- Posted By: Bryan Chan
- Posted On: 6:42 p.m. | February 27, 2013
The 40th anniversary of the Wounded Knee occupation is Feb. 27. Photographer Jim Hubbard was there and gave us this account of those days covering the event for United Press International:
During the cold of winter in late February 1973, UPI dispatched me to the village of Wounded Knee, S.D., on the Pine Ridge Reservation. A heavily armed radical group of Native Americans, members of the American Indian Movement (AIM), began an occupation of Wounded Knee. AIM stormed Wounded Knee after they had attempted to impeach the elected tribal president, Richard Wilson, whom they accused of corruption and abuse of opponents. They also protested the U.S. government’s failure to fulfill treaties with Indian peoples and demanded the reopening of treaty negotiations. They were prepared for a fight when the U.S. military and government officers, including the FBI, surrounded Wounded Knee.
The government cut off the electricity to Wounded Knee and attempted to keep all food supplies from entering the area. For 71 days, the men and women in Wounded Knee lived on minimal resources during their standoff with the federal forces.
Without lodging on the reservation, I secured a spot on a concrete floor in a Pine Ridge Catholic Church’s basement, where I could spread my sleeping bag. But more important than where I would sleep was a need for a makeshift darkroom with water, electricity and a telephone. The priest was gracious and hospitable. He showed me the basement. It was dark and dingy. However, in this house of God, I was provided for. It had a small kitchen and bathroom and, lo and behold, a telephone that sometimes worked. The church was only a short drive from Wounded Knee.
When I was on the road for an assignment, I carried a large suitcase that contained the equipment for a portable darkroom. Another smaller case contained a portable transmitter. For the transmitter, I needed a phone or jack, and with my handy screwdriver I could take the phone apart and attach the wires inside the phone or on a wall jack, enabling me to use the portable transmitter to transmit the photos. The 8-by-10 photo was attached to a drum that revolved and was scanned by a light moving across the image, converting it to sound waves over the phone lines that delivered it as a print to receivers at newspapers around the world.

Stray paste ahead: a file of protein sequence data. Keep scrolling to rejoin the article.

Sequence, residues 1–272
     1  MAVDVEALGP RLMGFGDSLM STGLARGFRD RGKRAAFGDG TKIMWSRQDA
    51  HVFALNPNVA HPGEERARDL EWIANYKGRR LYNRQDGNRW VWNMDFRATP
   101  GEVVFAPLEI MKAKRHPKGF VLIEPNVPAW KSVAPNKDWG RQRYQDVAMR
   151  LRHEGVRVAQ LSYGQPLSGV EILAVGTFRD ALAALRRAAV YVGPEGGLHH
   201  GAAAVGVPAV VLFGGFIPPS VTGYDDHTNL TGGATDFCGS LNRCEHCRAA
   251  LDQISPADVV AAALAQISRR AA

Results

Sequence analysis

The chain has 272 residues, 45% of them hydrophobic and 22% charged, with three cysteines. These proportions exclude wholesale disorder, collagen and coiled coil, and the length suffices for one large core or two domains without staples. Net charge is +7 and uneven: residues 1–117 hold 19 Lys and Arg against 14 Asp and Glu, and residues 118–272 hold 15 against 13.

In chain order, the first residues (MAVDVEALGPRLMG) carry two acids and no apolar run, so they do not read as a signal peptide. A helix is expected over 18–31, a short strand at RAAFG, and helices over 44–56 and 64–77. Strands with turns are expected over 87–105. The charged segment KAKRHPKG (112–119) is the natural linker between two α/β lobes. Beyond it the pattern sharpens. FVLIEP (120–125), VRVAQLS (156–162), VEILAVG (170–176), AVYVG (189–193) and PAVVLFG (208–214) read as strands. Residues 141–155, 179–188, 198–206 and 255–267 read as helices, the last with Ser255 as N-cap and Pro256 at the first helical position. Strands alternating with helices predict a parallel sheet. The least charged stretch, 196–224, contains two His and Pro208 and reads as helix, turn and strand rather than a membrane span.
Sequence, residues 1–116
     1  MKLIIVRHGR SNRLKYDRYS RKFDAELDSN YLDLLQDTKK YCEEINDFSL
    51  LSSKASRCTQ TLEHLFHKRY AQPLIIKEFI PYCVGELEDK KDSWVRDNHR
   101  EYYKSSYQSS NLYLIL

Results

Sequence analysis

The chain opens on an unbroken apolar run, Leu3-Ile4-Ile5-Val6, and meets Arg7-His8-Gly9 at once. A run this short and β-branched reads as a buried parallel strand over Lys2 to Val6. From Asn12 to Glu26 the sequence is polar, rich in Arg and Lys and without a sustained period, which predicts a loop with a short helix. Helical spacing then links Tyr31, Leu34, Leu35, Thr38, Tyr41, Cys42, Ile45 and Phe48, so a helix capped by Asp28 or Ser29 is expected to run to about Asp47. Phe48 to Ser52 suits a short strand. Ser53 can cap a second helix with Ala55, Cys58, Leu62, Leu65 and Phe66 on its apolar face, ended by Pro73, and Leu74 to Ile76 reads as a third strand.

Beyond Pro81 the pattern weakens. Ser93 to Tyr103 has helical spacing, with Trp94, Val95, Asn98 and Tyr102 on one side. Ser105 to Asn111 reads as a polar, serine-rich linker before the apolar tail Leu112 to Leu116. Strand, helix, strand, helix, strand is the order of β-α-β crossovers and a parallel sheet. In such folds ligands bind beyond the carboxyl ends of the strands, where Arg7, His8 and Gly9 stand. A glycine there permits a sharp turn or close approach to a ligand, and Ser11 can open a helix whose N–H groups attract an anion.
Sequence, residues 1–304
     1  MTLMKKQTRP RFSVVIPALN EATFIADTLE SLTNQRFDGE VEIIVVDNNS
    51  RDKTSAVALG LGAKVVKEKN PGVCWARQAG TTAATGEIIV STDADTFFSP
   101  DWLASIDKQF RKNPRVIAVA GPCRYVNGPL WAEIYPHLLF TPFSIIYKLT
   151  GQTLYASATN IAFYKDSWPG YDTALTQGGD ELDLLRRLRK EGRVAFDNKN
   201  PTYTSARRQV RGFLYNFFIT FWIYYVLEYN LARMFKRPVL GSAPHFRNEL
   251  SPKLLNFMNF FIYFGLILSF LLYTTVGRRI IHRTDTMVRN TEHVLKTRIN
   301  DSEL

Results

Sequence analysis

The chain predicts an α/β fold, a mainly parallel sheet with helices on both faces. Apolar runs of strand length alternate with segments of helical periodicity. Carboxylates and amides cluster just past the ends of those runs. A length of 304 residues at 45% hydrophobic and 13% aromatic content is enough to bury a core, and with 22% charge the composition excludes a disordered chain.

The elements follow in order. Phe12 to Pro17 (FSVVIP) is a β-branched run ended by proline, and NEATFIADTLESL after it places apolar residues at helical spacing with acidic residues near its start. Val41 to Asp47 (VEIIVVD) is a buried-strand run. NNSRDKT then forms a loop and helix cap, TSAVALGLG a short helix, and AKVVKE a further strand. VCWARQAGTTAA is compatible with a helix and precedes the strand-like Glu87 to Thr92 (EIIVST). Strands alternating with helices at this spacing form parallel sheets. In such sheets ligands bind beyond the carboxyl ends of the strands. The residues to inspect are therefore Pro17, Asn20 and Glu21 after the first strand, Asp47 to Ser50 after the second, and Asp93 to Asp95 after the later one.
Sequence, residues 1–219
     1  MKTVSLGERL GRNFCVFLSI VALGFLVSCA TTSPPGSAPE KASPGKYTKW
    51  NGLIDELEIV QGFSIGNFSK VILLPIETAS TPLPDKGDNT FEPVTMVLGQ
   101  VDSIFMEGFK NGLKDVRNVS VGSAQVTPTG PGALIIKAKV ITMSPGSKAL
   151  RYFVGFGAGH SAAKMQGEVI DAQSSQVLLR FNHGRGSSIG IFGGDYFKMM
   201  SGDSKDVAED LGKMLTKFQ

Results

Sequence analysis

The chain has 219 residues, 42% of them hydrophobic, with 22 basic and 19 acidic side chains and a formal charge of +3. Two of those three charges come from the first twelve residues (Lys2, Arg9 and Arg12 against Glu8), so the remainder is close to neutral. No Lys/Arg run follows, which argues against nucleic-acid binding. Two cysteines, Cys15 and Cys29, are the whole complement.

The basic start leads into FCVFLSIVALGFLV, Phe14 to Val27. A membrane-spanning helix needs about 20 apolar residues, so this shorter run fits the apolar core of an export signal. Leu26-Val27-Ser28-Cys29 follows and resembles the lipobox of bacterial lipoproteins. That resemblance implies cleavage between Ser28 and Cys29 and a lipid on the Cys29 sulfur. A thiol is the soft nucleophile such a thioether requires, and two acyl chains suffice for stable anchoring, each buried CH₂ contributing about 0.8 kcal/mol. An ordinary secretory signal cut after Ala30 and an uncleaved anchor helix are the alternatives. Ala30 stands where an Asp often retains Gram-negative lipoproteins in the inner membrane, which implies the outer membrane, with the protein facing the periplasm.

I also carried a hair dyer to dry the film and prints and a small portable typewriter to type captions. I used Kodak HC100 developer, as it was fast, and I could have a roll of film developed in about four minutes, put in fixer for two minutes, washed for a few seconds and ready to make prints. I was known to be one of the fastest wire service photographers ever. None of these methods are archival, but the only concern we had was getting an image to our clients as quickly as humanly possible. UPI’s slogan was “a deadline every minute.” So be it if the film started fading an hour later due to the short fixing and washing time.
South Dakota was one of the states I was assigned to cover for UPI from my home base in Omaha, and I was familiar with much of the state. In 1972, I spent two weeks in the Black Hills to cover Sen. George McGovern’s vacation after he was selected as the Democrats’ presidential candidate. I visited Wounded Knee during that time. I had also been assigned to cover a flash flood in Rapid City, S.D., less than a year before the Wounded Knee occupation, that killed 250 people.
When I first arrived at Wounded Knee, my objective was to learn the lay of the land in the rugged, hilly Northern Plains. The land was desolate and isolated. Entering Wounded Knee, I saw rundown shacks and old, weather-beaten trailers that housed the residents. There was a log cabin trading post, more like a grocery store, in the center of the village. It had one gas pump in front, but the large underground gas tank was empty. AIM used the trading post as its headquarters during the occupation. Armed young Indians, with a few white supporters, wandered in and out. Pine Ridge was considered one of the poorest counties in America.
Nearby, a white wooden Catholic Church, Sacred Heart, was topped with a steeple, and beside it was nestled a cemetery, the burial site of those who died in the 1890 massacre by the U.S. Army’s 7th Cavalry. Today, a crumbling concrete foundation next to the cemetery is all that remains of the picturesque Sacred Heart Catholic Church, once one of the most recognizable symbols of the 1973 occupation. The historic church was burned down by AIM in the final days of the siege.